|4||Extruded Polystyrene/ 3M Tape||0.002*||-1,000 Pa||+1,000 Pa||-2,500 Pa||+2,500 Pa|
|Shiplapped, extruded polystyrene insulation boards nailed to the structure with 2 1/2-inch spiral nails with 1-inch diameter metal washers every 6 inches along the edges and 12 inches along the intermediate supports, with 3M construction tape over joints.||Because of the airtightness of this assembly, the reference air leakage was taken at 185 Pa instead of 75 Pa. Two air leakage tests were performed under both negative and positive pressure differentials: first, with untaped nails at the centre of the insulation boards; then, with nails taped with 3M construction tape. No difference was noted with nails taped or untaped. The system failed structurally at some nail locations at +2,500 Pa gust load test, but the air leakage after the test was only 0.005 at 180 Pa.|
|5||Esclad/ 3M Tape||0.003||-1,000 Pa||+500 Pa||-2,500 Pa||Not tested|
|Esclad Energy Envelope boards installed vertically and nailed to the wood structure with 2 1/2-inch spiral nails and 1-inch diameter metal washers at 1 foot o.c. on the edges and 16 inches o.c. on the intermediate supports and with 3Mconstruction tape to seal the joints.||The air leakage tests were done first with the nails along the intermediate supports of the Esclad board untaped, and then taped. Taping improved the air impermeability of the assembly by approximately six times, and these results are the ones that have been reported. There was no change in air leakage after the negative structural tests. The system failed 30 minutes into the +1,000 Pa sustained load test: the larger Esclad board pulled off the nails along the intermediate supports, except at two locations, where the nail pulled out of the stud.|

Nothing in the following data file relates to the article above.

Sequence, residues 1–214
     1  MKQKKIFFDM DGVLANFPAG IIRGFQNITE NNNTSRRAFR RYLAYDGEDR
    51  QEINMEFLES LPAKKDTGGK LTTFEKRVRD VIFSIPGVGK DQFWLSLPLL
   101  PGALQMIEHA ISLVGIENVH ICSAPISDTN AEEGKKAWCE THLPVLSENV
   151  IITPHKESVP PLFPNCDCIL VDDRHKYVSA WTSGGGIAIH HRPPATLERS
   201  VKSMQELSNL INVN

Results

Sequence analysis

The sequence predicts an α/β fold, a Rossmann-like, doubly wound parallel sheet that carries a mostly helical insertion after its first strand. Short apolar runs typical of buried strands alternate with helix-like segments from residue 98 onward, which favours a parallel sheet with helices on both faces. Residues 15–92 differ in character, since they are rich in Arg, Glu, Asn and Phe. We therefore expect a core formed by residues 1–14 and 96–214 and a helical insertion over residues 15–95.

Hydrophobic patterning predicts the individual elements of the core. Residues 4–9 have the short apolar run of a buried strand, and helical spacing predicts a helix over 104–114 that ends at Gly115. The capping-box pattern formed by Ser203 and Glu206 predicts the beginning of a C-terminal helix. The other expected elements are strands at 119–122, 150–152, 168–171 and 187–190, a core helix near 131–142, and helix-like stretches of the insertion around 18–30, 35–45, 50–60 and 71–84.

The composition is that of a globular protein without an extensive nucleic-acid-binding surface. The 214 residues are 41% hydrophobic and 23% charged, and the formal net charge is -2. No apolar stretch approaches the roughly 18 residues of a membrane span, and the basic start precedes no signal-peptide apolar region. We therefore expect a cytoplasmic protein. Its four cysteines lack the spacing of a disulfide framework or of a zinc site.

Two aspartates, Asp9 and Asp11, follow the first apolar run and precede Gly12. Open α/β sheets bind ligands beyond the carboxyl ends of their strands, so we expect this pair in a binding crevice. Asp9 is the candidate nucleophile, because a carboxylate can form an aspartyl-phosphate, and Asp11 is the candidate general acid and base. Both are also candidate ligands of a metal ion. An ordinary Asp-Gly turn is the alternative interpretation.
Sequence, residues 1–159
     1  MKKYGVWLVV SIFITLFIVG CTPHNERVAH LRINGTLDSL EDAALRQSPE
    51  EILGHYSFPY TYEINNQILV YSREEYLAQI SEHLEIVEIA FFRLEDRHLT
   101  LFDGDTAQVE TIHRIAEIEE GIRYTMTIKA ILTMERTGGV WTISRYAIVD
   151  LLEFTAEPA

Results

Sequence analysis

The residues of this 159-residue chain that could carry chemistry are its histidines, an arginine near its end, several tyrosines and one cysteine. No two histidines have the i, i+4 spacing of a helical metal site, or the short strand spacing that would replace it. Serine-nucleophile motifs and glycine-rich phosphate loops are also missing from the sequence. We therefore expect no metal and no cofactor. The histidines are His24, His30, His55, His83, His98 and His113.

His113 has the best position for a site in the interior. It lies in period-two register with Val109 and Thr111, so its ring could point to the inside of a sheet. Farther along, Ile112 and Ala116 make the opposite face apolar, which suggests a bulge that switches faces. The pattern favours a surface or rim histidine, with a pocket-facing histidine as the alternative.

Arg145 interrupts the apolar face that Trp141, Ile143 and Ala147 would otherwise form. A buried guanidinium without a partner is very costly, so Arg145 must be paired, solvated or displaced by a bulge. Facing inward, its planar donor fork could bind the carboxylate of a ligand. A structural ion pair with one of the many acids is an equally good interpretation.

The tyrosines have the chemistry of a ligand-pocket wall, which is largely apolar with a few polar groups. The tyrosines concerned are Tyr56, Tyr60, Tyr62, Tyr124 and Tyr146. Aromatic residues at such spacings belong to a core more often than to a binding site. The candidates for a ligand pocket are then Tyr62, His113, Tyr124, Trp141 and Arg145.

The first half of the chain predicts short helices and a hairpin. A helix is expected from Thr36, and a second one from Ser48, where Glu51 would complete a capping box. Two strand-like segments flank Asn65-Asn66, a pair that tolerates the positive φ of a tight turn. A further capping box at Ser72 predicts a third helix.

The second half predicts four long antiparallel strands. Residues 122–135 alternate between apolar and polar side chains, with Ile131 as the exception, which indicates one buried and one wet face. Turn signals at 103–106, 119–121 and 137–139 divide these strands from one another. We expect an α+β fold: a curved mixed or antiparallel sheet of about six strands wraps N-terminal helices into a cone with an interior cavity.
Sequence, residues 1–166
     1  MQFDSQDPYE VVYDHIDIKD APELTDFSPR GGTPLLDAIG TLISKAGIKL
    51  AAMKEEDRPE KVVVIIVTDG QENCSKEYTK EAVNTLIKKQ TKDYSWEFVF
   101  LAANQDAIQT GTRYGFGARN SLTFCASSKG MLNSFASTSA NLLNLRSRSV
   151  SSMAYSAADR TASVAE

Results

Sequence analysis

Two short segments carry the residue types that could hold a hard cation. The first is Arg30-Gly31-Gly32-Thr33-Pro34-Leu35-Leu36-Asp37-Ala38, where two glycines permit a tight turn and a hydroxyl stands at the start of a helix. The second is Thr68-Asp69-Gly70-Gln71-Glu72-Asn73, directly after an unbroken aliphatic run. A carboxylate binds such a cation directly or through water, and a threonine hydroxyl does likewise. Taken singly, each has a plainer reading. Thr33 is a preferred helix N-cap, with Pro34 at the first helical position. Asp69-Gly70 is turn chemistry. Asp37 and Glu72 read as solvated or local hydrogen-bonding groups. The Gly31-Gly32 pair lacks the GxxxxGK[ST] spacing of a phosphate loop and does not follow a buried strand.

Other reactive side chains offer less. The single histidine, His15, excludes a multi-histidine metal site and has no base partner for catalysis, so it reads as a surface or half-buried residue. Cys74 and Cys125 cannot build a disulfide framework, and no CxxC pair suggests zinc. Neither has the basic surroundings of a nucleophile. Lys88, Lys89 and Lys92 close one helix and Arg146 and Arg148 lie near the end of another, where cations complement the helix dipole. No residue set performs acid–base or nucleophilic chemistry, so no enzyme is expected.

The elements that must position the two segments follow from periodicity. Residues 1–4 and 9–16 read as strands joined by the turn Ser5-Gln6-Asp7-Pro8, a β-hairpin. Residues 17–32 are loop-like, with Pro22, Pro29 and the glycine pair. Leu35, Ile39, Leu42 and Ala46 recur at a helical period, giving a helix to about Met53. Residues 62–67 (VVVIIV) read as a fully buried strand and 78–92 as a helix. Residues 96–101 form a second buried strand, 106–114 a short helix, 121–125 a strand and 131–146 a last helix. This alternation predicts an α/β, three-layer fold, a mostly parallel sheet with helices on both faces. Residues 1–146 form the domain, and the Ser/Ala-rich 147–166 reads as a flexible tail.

|6||Dryvit Wall Panel||0.003||-1,000 Pa||+1,000 Pa||-2,500 Pa||+2,500 Pa|
|Prefabricated wall panel supplied by Dryvit, consisting of steel stud structure, exterior gypsum board, expanded polystyrene insulation and a synthetic exterior finish.||The air barrier system performed structurally through all the sustained load and gust load tests with no visible physical change of the assembly components. The gypsum board layer was made up of various differently sized pieces screwed to the steel stud structure about every four inches. The use of full-size gypsum boards might lead to a different performance than the one obtained.|